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Book Review: “Part of My World” by Jodi Benson

Part of My WorldPart of My World:  What I’ve Learned from The Little Mermaid about Love, Faith, and Finding My Voice

Authors: Jodi Benson, Carol Traver

Hardcover, 304 pages, Tyndale Momentum, List Price: $25.99

And I just love her!  I love how she loves life.  I love how she savors every moment and delights in every experience.  I love the way she sees the beauty in even the most mundane things.  I mean, honestly, who else could get that excited about a fork?”    –Jodi Benson on Ariel

In Part of My World, Jodi Benson gives readers a look into her life, both personal and professional, and the various bumps and dips she has experienced on the road from a singing six-year-old to a Disney legend with kids of her own.  Despite encountering some unexpected twists and challenges, Benson relates her work overcoming them with the help of the family and friends and faith that continually support her.

Although The Little Mermaid was only one role in her long career in film and musical theater, it is clearly the one she is best known for, and with around five chapters devoted to her experiences voicing Ariel it makes up about 20% of the book.  The chapters preceding it tell the story of her work to get trained and established as a working performer, while the chapters afterwards largely deal with her trials and joys sustaining her marriage to fellow performer Ray Benson and starting her family.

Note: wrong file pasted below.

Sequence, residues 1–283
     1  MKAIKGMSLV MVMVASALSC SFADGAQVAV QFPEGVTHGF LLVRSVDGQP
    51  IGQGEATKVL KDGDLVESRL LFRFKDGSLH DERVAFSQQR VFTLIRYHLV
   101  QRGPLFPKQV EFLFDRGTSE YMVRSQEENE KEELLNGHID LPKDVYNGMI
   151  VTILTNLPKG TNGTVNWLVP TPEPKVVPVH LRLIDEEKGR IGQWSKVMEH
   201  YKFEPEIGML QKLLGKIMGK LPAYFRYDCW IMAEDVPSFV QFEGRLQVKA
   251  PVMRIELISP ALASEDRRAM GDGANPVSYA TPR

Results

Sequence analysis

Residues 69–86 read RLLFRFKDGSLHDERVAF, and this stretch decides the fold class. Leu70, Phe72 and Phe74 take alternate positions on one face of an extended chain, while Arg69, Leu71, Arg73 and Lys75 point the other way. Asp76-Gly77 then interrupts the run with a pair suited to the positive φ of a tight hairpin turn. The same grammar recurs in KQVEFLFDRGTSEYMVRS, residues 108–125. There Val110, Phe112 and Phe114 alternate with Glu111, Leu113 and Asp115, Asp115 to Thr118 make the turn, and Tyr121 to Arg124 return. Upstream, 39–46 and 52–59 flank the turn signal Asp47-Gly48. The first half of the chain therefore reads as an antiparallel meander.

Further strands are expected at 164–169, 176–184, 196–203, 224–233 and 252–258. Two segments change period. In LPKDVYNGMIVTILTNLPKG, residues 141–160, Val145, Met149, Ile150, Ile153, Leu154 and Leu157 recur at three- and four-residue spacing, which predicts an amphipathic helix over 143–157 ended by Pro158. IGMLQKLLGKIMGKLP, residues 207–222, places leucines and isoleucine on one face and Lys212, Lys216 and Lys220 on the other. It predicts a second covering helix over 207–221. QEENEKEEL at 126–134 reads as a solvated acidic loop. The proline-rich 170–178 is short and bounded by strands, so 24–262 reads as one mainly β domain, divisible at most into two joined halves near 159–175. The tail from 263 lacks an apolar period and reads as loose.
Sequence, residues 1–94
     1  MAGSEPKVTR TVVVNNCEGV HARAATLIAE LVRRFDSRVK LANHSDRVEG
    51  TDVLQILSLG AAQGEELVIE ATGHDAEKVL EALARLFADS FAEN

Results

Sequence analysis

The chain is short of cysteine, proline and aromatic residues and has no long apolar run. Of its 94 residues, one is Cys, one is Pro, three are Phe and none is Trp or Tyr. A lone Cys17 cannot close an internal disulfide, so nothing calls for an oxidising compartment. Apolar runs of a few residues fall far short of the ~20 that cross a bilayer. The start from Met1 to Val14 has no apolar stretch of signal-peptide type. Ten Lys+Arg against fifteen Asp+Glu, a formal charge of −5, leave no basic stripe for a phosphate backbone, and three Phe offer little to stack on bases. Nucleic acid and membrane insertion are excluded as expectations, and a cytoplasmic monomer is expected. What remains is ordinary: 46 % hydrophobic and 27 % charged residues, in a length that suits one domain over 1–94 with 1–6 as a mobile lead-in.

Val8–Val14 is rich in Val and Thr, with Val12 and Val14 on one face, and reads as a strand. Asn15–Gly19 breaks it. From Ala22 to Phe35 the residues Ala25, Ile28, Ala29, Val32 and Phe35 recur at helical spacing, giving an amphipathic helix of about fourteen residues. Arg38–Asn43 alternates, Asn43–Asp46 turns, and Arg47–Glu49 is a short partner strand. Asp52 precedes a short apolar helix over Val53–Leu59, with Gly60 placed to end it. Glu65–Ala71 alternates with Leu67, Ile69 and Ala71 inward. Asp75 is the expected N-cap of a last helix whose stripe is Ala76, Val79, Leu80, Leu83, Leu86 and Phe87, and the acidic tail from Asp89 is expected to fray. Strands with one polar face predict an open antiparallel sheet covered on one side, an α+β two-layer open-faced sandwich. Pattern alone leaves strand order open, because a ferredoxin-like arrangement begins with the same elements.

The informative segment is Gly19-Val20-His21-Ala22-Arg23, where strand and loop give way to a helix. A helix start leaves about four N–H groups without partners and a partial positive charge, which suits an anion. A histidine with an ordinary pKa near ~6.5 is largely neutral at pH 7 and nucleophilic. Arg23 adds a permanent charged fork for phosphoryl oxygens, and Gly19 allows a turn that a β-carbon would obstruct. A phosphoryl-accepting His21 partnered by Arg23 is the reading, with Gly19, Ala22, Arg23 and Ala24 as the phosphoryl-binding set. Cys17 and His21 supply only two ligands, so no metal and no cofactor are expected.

While the book brims over with her innate positivity, Benson doesn’t shy away from depicting her life as having distinctly unmagical moments, such as her heartbreak over her two miscarriages and the untimely loss of her niece to cancer.  Her reliance on her faith in God is shown to be her major source of spiritual strength in such times.

As the actress who was there at the very start of the Disney Animation Renaissance, Benson had a chance to form relationships with many of the personalities pivotal to that time period, and the glimpses she gives us of the ones who are gone now are fascinating.  People like Howard Ashman, who she knew from the time she auditioned for him in the musical Smile to the last time she saw him in the hospital shortly before he passed away, and Roy Disney are shown as being as smart and supportive and genial in real life, as they always seemed to be on camera.

By the end of the book, readers have a better picture of who the voice is, behind their favorite red-haired daughter of Triton:  A woman who has lived a life filled with both beauty and sorrow, but always in devotion to her faith in God.  While from less-authentic sources, her strong religious beliefs might have come off as aggressively proselytizing, Benson makes it clear that not only does she accept others of different mindsets, but that she herself occasionally struggles to find meaning within it when faced with life’s seemingly senseless tragedies.  Ultimately however, we are given to understand that her faith, like her life, is a work in progress–one we will hopefully get many more years to watch as she continues to give a mermaid her voice.

[An advance pdf of this book was provided for review purposes without restriction on thoughts or opinions.]

To purchase a copy of this book, click here.


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